Since we live in a complicated world, one other point should be raised. The Federal government frequently sets its sights on Subchapter S Corporations as a means for enhancing its revenue, by, you guessed it, removing dividend tax treatment. This hasn’t happened yet, but that doesn’t mean it won’t. If you are concerned about this potential development but want to retain the Subchapter S tax advantage, the LLC-Sub S combination is the way to go.
Advantage: Subchapter S Corporation (or LLC filing as a Sub S)
Subsidiaries and Affiliates. The LLC can freely own other companies and subsidiaries in whole or part. Subchapter S Corporations face significant restrictions on such corporate relationships.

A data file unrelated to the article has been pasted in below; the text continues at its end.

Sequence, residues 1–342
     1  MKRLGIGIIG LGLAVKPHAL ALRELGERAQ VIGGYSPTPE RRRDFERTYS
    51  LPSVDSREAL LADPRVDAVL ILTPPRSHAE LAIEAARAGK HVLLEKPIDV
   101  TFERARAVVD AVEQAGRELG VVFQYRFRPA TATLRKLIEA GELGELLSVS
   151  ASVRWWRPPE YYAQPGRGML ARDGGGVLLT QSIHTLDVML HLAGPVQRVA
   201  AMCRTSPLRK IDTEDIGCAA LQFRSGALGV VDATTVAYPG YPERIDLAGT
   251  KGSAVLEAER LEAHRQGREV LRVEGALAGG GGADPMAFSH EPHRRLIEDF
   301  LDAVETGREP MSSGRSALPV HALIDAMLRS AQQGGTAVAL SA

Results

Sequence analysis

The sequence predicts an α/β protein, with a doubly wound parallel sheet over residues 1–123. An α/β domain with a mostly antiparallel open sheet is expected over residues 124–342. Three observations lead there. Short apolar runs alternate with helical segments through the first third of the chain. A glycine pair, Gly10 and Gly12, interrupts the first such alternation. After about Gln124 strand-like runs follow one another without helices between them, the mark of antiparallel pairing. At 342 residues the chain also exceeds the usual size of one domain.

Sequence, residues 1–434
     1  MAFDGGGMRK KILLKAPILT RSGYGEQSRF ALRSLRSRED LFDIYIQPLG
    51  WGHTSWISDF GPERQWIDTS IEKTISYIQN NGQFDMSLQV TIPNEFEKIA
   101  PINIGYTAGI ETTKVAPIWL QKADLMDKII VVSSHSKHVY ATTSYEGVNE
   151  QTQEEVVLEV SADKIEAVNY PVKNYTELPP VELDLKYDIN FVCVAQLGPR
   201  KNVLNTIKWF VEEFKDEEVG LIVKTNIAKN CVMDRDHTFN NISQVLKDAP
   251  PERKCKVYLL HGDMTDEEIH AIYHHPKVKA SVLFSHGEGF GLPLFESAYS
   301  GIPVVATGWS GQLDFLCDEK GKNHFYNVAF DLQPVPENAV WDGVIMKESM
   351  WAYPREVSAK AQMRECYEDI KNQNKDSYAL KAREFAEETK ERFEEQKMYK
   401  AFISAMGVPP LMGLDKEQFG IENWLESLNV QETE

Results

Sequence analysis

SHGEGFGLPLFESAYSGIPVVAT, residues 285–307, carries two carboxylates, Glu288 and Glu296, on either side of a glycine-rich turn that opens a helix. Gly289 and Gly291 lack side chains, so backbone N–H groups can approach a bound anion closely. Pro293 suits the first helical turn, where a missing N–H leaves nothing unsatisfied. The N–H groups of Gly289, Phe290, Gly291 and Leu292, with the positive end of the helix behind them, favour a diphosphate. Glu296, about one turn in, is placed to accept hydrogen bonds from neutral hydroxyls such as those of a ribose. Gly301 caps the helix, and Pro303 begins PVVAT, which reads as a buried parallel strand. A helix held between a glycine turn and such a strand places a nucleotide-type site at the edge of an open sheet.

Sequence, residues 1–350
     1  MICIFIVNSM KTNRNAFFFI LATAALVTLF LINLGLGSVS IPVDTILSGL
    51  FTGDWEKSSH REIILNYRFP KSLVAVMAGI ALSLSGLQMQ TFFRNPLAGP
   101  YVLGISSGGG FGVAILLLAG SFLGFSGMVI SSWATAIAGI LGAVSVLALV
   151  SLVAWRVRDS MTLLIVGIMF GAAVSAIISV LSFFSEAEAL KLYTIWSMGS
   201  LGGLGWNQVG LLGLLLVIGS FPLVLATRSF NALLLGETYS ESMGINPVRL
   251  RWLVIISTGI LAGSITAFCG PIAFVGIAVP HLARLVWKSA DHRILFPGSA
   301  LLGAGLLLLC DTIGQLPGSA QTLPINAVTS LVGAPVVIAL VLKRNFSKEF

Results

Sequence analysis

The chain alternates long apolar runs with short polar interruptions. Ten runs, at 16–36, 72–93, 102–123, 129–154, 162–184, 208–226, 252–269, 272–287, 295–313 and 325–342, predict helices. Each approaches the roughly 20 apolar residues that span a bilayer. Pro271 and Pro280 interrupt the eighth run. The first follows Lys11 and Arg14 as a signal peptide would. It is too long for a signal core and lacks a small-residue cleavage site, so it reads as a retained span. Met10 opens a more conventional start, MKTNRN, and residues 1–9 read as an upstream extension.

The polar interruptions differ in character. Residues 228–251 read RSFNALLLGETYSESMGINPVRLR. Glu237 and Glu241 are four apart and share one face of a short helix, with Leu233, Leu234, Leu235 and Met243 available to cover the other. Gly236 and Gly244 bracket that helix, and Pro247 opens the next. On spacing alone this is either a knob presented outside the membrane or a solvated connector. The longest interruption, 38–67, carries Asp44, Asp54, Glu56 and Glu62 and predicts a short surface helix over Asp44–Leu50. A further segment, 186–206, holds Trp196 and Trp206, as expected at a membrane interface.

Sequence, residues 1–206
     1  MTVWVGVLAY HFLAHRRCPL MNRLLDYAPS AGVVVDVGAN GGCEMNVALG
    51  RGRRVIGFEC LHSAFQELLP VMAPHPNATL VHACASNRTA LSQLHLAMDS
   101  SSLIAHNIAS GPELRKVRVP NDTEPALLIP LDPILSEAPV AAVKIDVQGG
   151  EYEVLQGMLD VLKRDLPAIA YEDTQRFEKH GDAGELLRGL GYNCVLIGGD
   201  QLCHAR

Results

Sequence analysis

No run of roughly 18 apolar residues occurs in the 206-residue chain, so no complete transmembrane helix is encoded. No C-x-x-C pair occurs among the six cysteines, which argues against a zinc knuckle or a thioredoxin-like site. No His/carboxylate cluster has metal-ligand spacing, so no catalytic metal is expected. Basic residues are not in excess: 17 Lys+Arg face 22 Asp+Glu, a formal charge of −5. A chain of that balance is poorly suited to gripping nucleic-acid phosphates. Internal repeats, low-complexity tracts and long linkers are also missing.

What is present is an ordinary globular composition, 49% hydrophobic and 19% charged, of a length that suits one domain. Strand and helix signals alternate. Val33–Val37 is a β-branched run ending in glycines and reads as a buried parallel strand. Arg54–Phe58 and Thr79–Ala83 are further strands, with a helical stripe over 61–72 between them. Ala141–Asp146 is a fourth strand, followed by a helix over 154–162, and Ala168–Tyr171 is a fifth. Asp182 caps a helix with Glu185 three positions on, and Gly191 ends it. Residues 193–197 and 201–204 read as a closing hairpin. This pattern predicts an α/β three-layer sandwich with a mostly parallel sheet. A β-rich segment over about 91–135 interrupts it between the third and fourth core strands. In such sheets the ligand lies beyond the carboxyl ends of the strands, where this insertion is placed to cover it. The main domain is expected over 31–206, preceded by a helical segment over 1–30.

Summary. For most, the LLC provides a more flexible and easy to manage vehicle for their business entity. Plus, the traditional income tax drawback of an LLC is now reduced by the ability to be taxed as a Subchapter S Corporation. While some entrepreneurs and most medical professionals prefer to go straight to the Subchapter S form to leverage this advantage, there is much to recommend about the easier LLC form of entity. As always, careful consideration of your choices is advisable, with the participation of our firm and your other professionals.
Any accounting, business or tax advice contained in this Article is not intended as an in-depth analysis of specific issues, nor is it sufficient to avoid tax-related penalties. If requested, Lambert Law would be pleased to perform the requisite work on your matter. Such an engagement may be the subject of a separate letter that would define the scope and limits of the desired legal services.